Hubble gets revitalised in new servicing mission
Hubble Space Telescope (HST), courtesy of NASA
After nearly 12 years of incredible scientific discoveries, the ESA/NASA Hubble Space Telescope orbiting Earth is about to have another service visit. The purpose is to upgrade Hubble system and to install newer and more powerful instruments that will astoundingly increase Hubble’s discovery capabilities and extend the longevity of the observatory.
As a unique collaboration between the European Space Agency (ESA), and NASA, Hubble has had a phenomenal scientific impact. The unsurpassed sharp images from this space observatory have penetrated into the hidden depths of space and revealed breathtaking phenomena. But Hubble’s important contributions to science have only been possible through a carefully planned strategy to service and upgrade Hubble every two or three years.
ESA, the European Space Agency has a particular role to play in this Servicing Mission. One of the most exciting events of this mission will come when the ESA-built solar panels are replaced by newer and more powerful ones. The new panels, developed in the US, are equipped with ESA developed drive mechanisms and were tested at the facilities at ESA’s European Space Research and Technology Centre (ESTEC) in the Netherlands. This facility is the only place in the world where such tests can be performed.
"With this Servicing Mission Hubble is once again going to be brought back to the frontline of scientific technology", says Piero Benvenuti, Hubble Project Scientist at ESA. "New super-advanced instrumentation will revitalise the observatory. For example, Hubble’s new digital camera - The new Advanced Camera for Surveys, or ACS - can take images of twice the area of the sky and with five times the sensitivity of Hubble’s previous instruments, therefore increasing by ten times Hubble’s discovery capability! The European astronomers look forward to use the new camera and perform new science building on the great breakthroughs they have already achieved."
ACS is going to replace the Faint Object Camera, or FOC, built by ESA. The FOC, which has functioned perfectly since the beginning, has been a key instrument to get the best out of the unprecedented imaging capability of Hubble. The FOC was a "state-of-the art" instrument in the 80s, but the field of digital imaging has progressed so much in the past 20 years that, having fulfilled its scientific goals, this ESA flagship on Hubble is chivalrously giving way to newer technology.
However, the story of FOC is not over yet: experts will still learn from it, as it will be brought back to Earth and inspected, to study the effects on the hardware of the long duration exposure in space.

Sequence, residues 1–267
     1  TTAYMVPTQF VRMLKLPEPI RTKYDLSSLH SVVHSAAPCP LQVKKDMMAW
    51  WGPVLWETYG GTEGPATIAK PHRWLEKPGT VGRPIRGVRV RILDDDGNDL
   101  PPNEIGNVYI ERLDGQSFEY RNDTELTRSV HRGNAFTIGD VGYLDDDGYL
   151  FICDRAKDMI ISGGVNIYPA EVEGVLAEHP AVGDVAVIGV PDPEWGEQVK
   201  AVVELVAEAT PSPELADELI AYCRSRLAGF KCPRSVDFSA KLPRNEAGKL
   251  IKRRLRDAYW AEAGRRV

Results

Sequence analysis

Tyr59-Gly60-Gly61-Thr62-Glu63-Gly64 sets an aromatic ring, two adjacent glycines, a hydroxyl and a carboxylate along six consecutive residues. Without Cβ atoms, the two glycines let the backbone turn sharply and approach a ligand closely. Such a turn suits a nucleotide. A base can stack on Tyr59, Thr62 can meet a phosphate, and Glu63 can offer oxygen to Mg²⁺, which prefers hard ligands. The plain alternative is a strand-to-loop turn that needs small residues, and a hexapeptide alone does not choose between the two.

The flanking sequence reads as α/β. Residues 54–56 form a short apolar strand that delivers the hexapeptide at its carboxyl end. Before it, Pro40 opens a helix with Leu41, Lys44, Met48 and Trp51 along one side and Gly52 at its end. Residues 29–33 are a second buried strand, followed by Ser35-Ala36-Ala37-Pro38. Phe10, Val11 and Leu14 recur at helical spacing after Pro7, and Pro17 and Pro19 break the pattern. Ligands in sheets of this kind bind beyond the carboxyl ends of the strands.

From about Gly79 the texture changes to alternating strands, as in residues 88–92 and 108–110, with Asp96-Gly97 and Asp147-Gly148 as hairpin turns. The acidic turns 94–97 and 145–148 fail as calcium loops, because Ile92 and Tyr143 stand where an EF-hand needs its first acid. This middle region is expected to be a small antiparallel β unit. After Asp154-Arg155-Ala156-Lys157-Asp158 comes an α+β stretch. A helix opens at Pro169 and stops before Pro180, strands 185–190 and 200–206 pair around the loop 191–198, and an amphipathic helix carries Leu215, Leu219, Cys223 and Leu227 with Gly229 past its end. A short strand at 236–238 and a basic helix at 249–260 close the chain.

Hubble is expected to continue to explore the sky during the next decade, after which its work will be taken over by its successor, the powerful ESA/NASA/CSA(*) Next Generation Space Telescope. NGST’s main focus will be observations of the faint infrared light from the first stars and galaxies in the Universe.
A tale of two pulsars' tails: Plumes offer geometry lessons to astronomers
18.01.2017 | Penn State
Studying fundamental particles in materials
17.01.2017 | Max-Planck-Institut für Struktur und Dynamik der Materie
Yersiniae cause severe intestinal infections. Studies using Yersinia pseudotuberculosis as a model organism aim to elucidate the infection mechanisms of these...
Researchers from the University of Hamburg in Germany, in collaboration with colleagues from the University of Aarhus in Denmark, have synthesized a new superconducting material by growing a few layers of an antiferromagnetic transition-metal chalcogenide on a bismuth-based topological insulator, both being non-superconducting materials.
While superconductivity and magnetism are generally believed to be mutually exclusive, surprisingly, in this new material, superconducting correlations...
Laser-driving of semimetals allows creating novel quasiparticle states within condensed matter systems and switching between different states on ultrafast time scales
Studying properties of fundamental particles in condensed matter systems is a promising approach to quantum field theory. Quasiparticles offer the opportunity...
Among the general public, solar thermal energy is currently associated with dark blue, rectangular collectors on building roofs. Technologies are needed for aesthetically high quality architecture which offer the architect more room for manoeuvre when it comes to low- and plus-energy buildings. With the “ArKol” project, researchers at Fraunhofer ISE together with partners are currently developing two façade collectors for solar thermal energy generation, which permit a high degree of design flexibility: a strip collector for opaque façade sections and a solar thermal blind for transparent sections. The current state of the two developments will be presented at the BAU 2017 trade fair.
As part of the “ArKol – development of architecturally highly integrated façade collectors with heat pipes” project, Fraunhofer ISE together with its partners...
At TU Wien, an alternative for resource intensive formwork for the construction of concrete domes was developed. It is now used in a test dome for the Austrian Federal Railways Infrastructure (ÖBB Infrastruktur).
Concrete shells are efficient structures, but not very resource efficient. The formwork for the construction of concrete domes alone requires a high amount of...
10.01.2017 | Event News
09.01.2017 | Event News
05.01.2017 | Event News
18.01.2017 | Power and Electrical Engineering
18.01.2017 | Materials Sciences
18.01.2017 | Life Sciences